Hugin tutorial — Simple lens calibration
This tutorial describes the application of Hugin to obtain lens parameters a, b, c.
Note The pre-release version of Hugin 0.7.0 has been used for this tutorial. Although your version may differ, the underlying principle will remain the same.
The method used here is to set up some straight lines which pass near the edge of the image and across the image near the image centre. The lines do not have to be parallel, but they do need to be straight and either have a sharp edge or be fine enough to ensure that points selected on them define a straight line.
'Straight lines' in Hugin are defined by a special kind of control point called a straight line control point.
For this example I have set out four pegs in my lawn which roughly define a 4m square and then run a taut string line around the pegs and on one diagonal. The string used is a twisted red and white polypropylene of about 1mm diameter, which provides a very fine line. The alternating red and white helps locate the string against the background. I photographed the image from a step ladder.
You can download this image (p1010230.jpg) and try it yourself.
Start by launching Hugin, and using the Assistant tab select the 1. Load images... button to select the image for the project.
Select the Camera and Lens tab and check the Geometric data. The lens data should be automatically extracted (as shown in the last screen shot, below). The Radial Distortion parameters should all be zero.
Select the Control Points tab. The image should be shown in both image windows. Select your first point near the end of one of the string lines. I commenced near the left hand end of the string line near the lower edge of the image. Be sure to get your point as close to the centreline of the string as you can. Now choose a 'matching' point near the other end of this string line in the second image. It may be necessary to set the zoom to 100% or even higher.
Set mode: to add new line. The alignment should say Line 3.
Add additional point pairs working in from each end of the string line to give reasonably spaced points, each time setting alignment to Line 3. It may be necessary to switch the zoom back to "Fit to Window" between points to get a good overall view of the control points.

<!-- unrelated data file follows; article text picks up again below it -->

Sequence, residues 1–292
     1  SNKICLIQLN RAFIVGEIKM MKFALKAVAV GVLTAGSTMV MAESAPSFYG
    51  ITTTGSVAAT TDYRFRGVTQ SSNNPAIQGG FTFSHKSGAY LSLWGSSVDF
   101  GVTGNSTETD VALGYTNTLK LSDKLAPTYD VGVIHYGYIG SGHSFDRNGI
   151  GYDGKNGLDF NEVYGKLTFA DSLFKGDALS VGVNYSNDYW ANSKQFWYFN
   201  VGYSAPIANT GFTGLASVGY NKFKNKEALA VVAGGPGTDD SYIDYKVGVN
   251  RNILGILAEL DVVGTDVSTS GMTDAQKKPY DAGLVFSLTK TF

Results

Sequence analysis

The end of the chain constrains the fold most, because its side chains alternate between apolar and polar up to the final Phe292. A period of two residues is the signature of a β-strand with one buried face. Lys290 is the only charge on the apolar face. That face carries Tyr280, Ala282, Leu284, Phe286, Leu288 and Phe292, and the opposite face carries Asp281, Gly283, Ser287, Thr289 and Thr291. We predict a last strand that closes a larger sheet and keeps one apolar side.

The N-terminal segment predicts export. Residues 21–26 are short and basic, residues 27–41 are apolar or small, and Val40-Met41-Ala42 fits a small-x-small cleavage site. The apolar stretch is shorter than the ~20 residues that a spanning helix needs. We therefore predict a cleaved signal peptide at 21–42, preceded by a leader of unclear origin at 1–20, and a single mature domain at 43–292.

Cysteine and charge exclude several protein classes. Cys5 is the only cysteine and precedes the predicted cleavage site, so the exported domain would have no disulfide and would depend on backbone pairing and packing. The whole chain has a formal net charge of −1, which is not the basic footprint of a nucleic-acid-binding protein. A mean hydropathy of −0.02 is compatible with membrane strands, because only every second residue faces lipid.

Add a second set of points along the diagonal string line, again working in from each end. After the first point set mode: add new line to ensure that Hugin understands that this set corresponds to a different straight line (Line 4).
Select the Stitcher tab and set the projection to Rectilinear.
Select the Optimizer tab and set Quick Optimizer to the custom parameters below, then tick the Lens Parameters boxes Distortion (a):, Barrel (b):, and Distortion (c):, then select Optimize now!. If the results show very small errors select Yes to apply the changes.
Select the Camera and Lens tab to view the lens distortion parameters.
The lens parameters I obtained were a=0.00104, b=-0.00169 and c=0.00509. The lens calibration data can be saved using the Save lens... button, and used in future Hugin projects.
It should only be necessary to use two straight lines for this exercise.
For extra accuracy add more points to more 'straight lines', but to avoid confusion just add to the project an extra photo of the same scene from a slightly different angle. Put your new 'straight lines' in this photo, when you optimise, both images will be optimised together.
The same technique can be used to optimise fisheye photos, just ensure that the output Projection is always Rectilinear. You will find that the entire fisheye image doesn't fit into a 'rectilinear' output, so just work with half of the photo, Hugin will assume that the distortion is symmetrical.
Other techniques for calibrating a lens include:
- Stitching a normal panorama and optimising Positions, View and Barrel. The advantage of this is that Hugin will calculate lens angle of view (FoV) as well. The disadvantage is that with lots of parameters to optimise, Hugin has less chance to be very accurate correcting lens distortion. (note: to get a really accurate FoV you need a 360° panorama)
- Alternatively, horizontal control and vertical control points can be used to correct perspective and optimise lens parameters at the same time. Again, this technique can also be used to calculate lens FoV, the disadvantage is that you need an object such as a building with exactly perpendicular features for your sample photos.
Tutorial and photos — Terry Duell. Created July 2008